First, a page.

As the book opens Lotto and Mathilde, graduating seniors at artsy Vassar College, have met, fallen in love, and married - all in the space of two weeks. And they're doing what newlyweds do.
From there we pause temporarily and go back in time to learn how Lotto's parents met, wed, and had Lotto and his sister. Lotto grew up in a wealthy Florida family where he hummed along quite happily until he lost his dad and became a teen. Wild friends and underage sex then alarmed Lotto's religious mother Antoinette, who shipped him off to boarding school in New Hampshire. There, Lotto was a difficult, lonely, acne-scarred student who was never permitted visits home.
In college, Lotto - extremely tall and not quite handsome - happily seduced almost every girl he met and took up acting. By his senior year Lotto hadn't seen his mother in many years, though his aunt and sister visited on occasion. Lotto had also reconnected with a sketchy pal from his teens who was destined to become a perpetual hanger-on.
When Lotto married Mathilde he hoped his mother would become a more integral part of his life, but Antoinette - furious about the whirlwind romance and Lotto's choice of bride- cut him off completely, rendering him essentially penniless.
In the first section of the book we follow the married couple as they move to New York and Lotto struggles to establish an acting career. Unable to gain much traction as an actor, Lotto relies on Mathilde to support them - which she does with semi-professional jobs that barely pay for food and shelter. Lotto and Mathilde would probably starve if Lotto's loving little sister didn't save up her generous allowance and donate it to the duo. Still, Mathilde seems quite willing to suffer hardships for her much loved husband.
Eventually Lotto becomes a successful playwright with scripts reminiscent of Greek tragedies, some of which are inspired by Lotto's family. Mathilde remains a stalwart helpmate but Lotto seems oblivious to how she's sacrificed for him and helped him. Moreover, Lotto has the whiff of a sexist about him and seems to denigratre female capabilities in general. When he extolls childbirth as 'women's creativity' (much more valuable than merely writing plays) this is a huge mistake, exacerbated by the fact the Lotto and Mathilde are childless.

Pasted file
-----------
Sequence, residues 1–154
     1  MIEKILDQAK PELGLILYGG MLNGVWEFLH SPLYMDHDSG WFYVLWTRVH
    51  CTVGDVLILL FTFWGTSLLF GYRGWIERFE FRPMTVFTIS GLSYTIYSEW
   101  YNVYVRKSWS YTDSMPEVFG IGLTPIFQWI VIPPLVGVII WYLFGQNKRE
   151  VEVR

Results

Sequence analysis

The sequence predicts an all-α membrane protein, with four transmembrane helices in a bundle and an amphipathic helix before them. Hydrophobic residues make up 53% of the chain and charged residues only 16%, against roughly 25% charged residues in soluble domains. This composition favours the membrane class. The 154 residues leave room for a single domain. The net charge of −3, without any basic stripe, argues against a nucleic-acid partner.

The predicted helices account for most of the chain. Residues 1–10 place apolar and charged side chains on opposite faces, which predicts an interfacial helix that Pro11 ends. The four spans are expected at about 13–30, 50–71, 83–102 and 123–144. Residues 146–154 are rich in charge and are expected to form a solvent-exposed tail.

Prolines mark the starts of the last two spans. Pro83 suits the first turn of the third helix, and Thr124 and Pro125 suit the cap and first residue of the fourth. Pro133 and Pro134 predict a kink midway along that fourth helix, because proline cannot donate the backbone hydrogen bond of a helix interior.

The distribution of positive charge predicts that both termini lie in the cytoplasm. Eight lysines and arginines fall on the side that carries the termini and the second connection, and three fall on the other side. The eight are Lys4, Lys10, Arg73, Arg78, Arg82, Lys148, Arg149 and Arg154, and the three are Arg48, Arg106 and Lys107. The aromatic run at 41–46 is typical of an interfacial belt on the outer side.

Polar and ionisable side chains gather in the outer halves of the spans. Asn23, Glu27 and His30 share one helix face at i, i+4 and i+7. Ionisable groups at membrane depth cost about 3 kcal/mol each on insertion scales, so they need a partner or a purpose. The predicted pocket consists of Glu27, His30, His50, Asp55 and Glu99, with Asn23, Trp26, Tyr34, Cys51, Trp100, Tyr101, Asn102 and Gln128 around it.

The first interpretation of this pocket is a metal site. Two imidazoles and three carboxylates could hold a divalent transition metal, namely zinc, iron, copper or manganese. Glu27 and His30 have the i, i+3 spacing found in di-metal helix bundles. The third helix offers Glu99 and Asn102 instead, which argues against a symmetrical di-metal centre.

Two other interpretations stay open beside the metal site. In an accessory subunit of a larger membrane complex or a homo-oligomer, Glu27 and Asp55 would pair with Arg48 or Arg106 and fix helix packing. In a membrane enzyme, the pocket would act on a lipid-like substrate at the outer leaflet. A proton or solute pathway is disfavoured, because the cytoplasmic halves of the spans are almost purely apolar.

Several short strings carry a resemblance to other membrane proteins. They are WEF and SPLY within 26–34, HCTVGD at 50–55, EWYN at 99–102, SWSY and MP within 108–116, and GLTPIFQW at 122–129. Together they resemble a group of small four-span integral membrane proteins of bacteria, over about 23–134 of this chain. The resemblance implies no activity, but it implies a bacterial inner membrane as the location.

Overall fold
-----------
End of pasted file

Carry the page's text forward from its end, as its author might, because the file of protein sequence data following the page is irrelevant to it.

(Reviewers note: The attitude that childbirth is the highest calling on Earth always irritates me. Yes, it's laudable to have children but most people can do it. On the other hand, it's quite difficult - and rare - to think up the theory of relativity, compose a concert, paint a masterpiece, become a world class athlete, etc.)
Lotto and Mathilde are hardly ever apart save for a spell when Lotto attends a writer's retreat with a talented young composer. Lotto hopes to create an opera with the music genius and keeps postponing his return home, to the chagrin of Mathilde (and the couple's dog 'God').
Still, Lotto and Mathilde march on through a quarter century of marriage, through highs and lows, and seem to greatly enjoy their lives - which involves lots of sex, wild parties, friends, fans, good wine, fine food, travel, etc. What's not to like?
In the second section of the book the author switches her attenton to Mathilde, whose appearance is probably what the French call 'jolie laide'. Some people find Mathilde's six-foot-tall, lanky, blonde appearance stunning while others find her plain and unattractive. In any case, we follow Mathilde through childhood, adolescence, young adulthood, and married lfe.
And quite a shock it is. Dubbed 'devil child' when she's four years old Mathilde is brought up by a series of less-than-reputable relatives. Her unusual upbringing and psychological makeup result in Mathilde's being preternaturally self-sufficient, self-protective, and wily. Without giving away spoilers I'll just say that Lotto and Mathilde's marriage looks very different from her point of view. And it's best not to get on Mathilde's bad side....EVER.
All in all, Fates and Furies is a beautifully written, engaging (and sometimes enraging) story about a marriage with a LOT of secrets. There are a wide array of riveting characters, some likable and some detestable. For me there were too many cringe-worthy references to people licking each other, wanting to eat each other (not what you're thinking), having sex on the beach, in the house, at parties, with strangers, and so on.
If I'd rated the book after Lotto's section, I would have given it 3 stars. Mathilde is such a fascinating charcter, though, that it earned an extra star.
I'd recommend the book to readers who enjoy literary fiction.